Washington, 16 August 1996 (RFE/RL) -- Three widely-reported developments this week highlight the difficulties all powers -- from the largest to the smallest -- now face in their efforts to create a new world order in the post-Cold War era.
The first development was the failure of the threat of unilateral American sanctions to dissuade Turkey and other countries from trading with Iran. Along with many European countries and Japan, Turkey has made it clear that it would act in accordance with its national interests and not in response to the dictates of any other country.
The second was the as-yet-unsuccessful effort of Russian and American businessmen to create a uranium cartel that would regulate the sale of processed uranium on the world market. Although this cartel has not even been established, other countries who want to sell such uranium have already objected and announced plans to undercut any Russian-American cartel.
Third was India's at least temporary success in blocking a new treaty that would ban all nuclear explosions -- even though virtually all other countries participating in the 61-nation disarmament conference support the draft accord.
Each of these cases shows just how far power has been decentralized in the international system since the collapse of the Soviet Union. Each of them also shows how much independence some smaller states have gained at the expense of larger and more powerful ones. But each also shows how much greater the uncertainties and insecurities are for both.
Ten years ago, Turkey would not have defied the United States, and India would not have been able to stand against the entire world. Moreover, ten years ago, any Soviet-American accord would have been accepted, if not greeted by other, smaller powers.
Now, the Soviet Union is no more, and "the only remaining superpower" finds that the ability of the United States to influence events may be even less than before. Indeed, as ever more countries find that they can defy American wishes with impunity, the significance of superpower status is ever less clear.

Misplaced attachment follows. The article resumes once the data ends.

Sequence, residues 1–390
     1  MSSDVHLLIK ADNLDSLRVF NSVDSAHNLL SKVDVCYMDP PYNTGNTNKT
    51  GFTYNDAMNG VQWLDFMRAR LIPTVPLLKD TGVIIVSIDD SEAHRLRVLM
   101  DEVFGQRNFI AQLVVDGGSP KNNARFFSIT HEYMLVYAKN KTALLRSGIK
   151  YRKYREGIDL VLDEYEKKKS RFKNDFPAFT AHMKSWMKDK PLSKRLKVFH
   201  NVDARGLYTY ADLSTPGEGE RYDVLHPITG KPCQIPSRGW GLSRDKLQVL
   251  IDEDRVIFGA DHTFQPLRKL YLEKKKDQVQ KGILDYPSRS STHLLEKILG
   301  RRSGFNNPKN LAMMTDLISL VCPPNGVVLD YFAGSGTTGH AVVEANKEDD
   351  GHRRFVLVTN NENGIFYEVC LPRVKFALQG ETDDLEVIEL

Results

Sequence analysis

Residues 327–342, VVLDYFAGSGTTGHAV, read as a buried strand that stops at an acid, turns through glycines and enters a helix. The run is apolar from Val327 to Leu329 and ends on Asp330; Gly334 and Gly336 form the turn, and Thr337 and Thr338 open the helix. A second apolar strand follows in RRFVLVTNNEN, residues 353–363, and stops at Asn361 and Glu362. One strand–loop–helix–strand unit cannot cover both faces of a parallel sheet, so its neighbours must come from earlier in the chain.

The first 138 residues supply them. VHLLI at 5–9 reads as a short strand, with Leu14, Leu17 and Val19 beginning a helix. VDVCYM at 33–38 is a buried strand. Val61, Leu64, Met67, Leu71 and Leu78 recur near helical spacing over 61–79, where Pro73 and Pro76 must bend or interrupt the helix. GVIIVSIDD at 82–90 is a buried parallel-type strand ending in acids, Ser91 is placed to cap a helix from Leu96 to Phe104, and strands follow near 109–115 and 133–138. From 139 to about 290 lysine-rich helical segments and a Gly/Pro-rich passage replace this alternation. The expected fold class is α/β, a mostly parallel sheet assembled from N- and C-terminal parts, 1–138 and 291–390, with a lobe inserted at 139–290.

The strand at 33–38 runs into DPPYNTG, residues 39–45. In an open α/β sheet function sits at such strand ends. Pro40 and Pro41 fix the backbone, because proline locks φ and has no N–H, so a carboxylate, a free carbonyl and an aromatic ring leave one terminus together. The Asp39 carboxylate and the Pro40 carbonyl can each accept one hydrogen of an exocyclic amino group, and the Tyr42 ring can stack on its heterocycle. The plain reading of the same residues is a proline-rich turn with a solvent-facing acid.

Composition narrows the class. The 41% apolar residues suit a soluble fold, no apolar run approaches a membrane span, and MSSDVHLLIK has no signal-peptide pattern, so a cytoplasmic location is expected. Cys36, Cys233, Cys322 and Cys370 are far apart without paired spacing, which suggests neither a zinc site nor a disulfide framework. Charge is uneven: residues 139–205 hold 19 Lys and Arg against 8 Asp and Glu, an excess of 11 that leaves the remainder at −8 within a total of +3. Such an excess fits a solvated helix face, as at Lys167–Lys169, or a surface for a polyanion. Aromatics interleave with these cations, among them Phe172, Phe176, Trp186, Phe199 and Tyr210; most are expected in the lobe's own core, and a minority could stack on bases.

That fact has sparked uncertainty, confusion and anger among many Americans who had become accustomed to the earlier pattern and who had expected American influence to expand even more after the disintegration of the U.S.S.R.
But the increased freedom of action that this situation has created for smaller powers, something that virtually all of them have greeted, has come at an enormous price, one that many of their leaders are now desperately trying to figure out how to pay.
They are coming to recognize that their new freedom of action, their ability to act on the basis of "national interests" alone, reflects less genuine freedom than real anarchy: While they can act independently, they can no longer count on any major power or international body to defend them when they do so.
As a result, these smaller powers too are looking for a way out, for a new arrangement that will maximize their ability to act independently while minimizing their insecurities when they do.
But because the interests and values of both large powers and smaller ones are so different and so varied and because some will benefit and others lose by any arrangement that is proposed, the search for order in the new international system is likely to prove extremely difficult, if not impossible.
As a result, tensions seem likely to increase among and between the great and smaller powers for the foreseeable future, a development few expected in the euphoria attending the end of the Cold War.